Whether your dream involves working on a cattle farm or on Fifth and Elm Street, follow the example of Dylan Fager, 26, and do some basic research. Fager found out all the information he could before he and his business partner, now wife, Elise, 26, bought into a Mailboxes Etc. franchise located just outside Cincinnati. It appeared to be a sure thing, and it was: The lot was right across the street from a regional shopping mall, and tons of traffic pumped past the building every day of the week.
But the Fagers still asked for all the information about consumer retailing that they could get from their landlord, the city of Springdale and their local chamber of commerce. "I hate to even call it research, because they made it so easy," says Dylan, who nonetheless felt confident that he and Elise could make a business in the location: "There's 2 [million] to 3 million square feet of office space within five miles of the store. So there was a market, but nobody had tapped into it yet."
Indeed. They opened in 1999 and routinely bring in "the mid six figures," says Fager, who recently purchased a second Mailboxes Etc. in downtown Cincinnati, where he says he has virtually no competition.
Joe Sitt would applaud. He feels downtown is where it's at--even in the most economically depressed and depressing parts of a city. Of course, he would feel that way; his New York City company, Thor Equities, specializes in buying up ruined buildings and renovating them. But he makes a good case for the inner city. "First, you'll have less competition. It's a lot cheaper to get into an urban neighborhood, and you'll be filling a tremendous void," says Sitt. "Why go someplace and butt heads with a hundred other competing businesses, when you could go somewhere where customers are salivating for your products and services?"
If you feel you need more help, it may be worth hiring a location analysis firm like the Roulac Group or GeoMarketing. Although it can cost up to several thousand dollars for them to do all the work for you, some companies, like Geo, will research a location you've already found for as little as $500.
However the research is done, O'Halloran says there are a few basic mistakes to try not to make when finding the right location for your business--one common mistake being the "build it, and they will come" plan. "Just because a concept is great--just because your sandwiches are great, or your clothing line is terrific--it doesn't mean the customers are going to be there," says O'Halloran.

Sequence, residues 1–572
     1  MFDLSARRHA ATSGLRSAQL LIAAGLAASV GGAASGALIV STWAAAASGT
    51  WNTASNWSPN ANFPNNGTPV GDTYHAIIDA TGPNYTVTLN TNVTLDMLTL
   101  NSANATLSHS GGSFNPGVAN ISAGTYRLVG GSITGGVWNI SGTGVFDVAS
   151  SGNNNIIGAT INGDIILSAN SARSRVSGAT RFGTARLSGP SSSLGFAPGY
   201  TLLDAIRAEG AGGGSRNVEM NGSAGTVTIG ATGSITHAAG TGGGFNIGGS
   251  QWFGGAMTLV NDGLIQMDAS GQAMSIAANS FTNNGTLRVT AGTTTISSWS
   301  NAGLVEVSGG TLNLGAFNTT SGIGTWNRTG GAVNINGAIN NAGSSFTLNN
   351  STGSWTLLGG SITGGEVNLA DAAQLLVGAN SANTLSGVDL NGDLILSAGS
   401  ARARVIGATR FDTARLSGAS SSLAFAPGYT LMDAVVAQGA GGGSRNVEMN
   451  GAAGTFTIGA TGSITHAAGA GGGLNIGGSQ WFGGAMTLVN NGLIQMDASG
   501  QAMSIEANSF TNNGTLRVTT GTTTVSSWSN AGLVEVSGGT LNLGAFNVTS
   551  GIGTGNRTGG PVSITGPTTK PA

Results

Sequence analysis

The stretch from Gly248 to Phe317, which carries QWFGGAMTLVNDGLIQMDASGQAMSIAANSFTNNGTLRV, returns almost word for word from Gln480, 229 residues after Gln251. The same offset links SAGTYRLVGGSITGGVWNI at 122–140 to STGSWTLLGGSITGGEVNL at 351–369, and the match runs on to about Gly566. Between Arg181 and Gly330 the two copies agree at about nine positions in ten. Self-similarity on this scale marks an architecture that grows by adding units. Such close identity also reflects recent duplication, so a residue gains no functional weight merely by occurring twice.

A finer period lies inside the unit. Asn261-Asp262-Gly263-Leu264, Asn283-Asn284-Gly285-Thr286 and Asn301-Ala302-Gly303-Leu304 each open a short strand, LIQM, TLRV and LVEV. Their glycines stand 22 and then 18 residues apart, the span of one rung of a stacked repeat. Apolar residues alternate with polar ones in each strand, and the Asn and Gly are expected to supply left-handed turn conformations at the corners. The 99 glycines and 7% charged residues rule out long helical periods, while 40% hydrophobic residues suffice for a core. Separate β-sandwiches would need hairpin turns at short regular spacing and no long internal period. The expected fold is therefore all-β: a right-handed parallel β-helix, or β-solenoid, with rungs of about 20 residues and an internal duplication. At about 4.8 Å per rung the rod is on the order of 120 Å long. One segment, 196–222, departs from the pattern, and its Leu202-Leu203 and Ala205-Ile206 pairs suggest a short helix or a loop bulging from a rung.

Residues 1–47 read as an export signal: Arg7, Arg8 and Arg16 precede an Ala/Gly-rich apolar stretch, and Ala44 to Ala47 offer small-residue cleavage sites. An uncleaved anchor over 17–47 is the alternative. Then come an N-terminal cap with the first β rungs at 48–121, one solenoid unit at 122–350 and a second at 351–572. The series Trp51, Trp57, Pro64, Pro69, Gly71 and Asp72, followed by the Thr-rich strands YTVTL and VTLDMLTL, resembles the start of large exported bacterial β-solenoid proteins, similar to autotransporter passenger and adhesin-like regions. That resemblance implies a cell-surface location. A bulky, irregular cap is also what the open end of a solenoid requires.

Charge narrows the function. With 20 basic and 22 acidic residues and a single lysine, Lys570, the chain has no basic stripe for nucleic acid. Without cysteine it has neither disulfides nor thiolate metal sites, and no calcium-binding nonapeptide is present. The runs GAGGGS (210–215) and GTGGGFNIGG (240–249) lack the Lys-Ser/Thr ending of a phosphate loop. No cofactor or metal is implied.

Entrepreneurs also sometimes forget that location is not static, says O'Halloran. "There's a neighborhood near Philadelphia called Manayunk. It's a hip, chic neighborhood. It's become a real shopping destination. But 15 or 20 years ago, everybody was moving out. Nobody came here. Things change-for the better, [and] for the worse. I'm not saying you should do a location analysis every week, or even every year, but if you're the first to see the trend, then you can be the first to be in or out of the area."
But you shouldn't go to the other extreme, warns O'Halloran. "Entrepreneurs sometimes think location is everything," she says. "It's important, but you can be in a great location and have a terrible operator. A great operator can overcome a bad location."The Finer Things Some places are the right spot for more than business.
Inspiration. That's why Russell Sparkman, 43, located his business, FusionSpark Media Inc., on Whidbey Island, a rural island 90 minutes north of Seattle. Of course, the telephone wires sometimes go down under falling trees, and if he misses a ferry because of bad timing or summer crowds, he could potentially miss an in-person meeting on the coast--which doesn't look professional, especially when you run a business that's making a little more than $1 million per year.
But the headaches are worth it, says Sparkman, whose company produces nature-related photographic documentaries for the Internet, available at his. Work is more fun when you can spot whales from your office window.
Geoff Williams has written for numerous publications, including Entrepreneur, Consumer Reports, LIFE and Entertainment Weekly. He also is the author of Living Well with Bad Credit.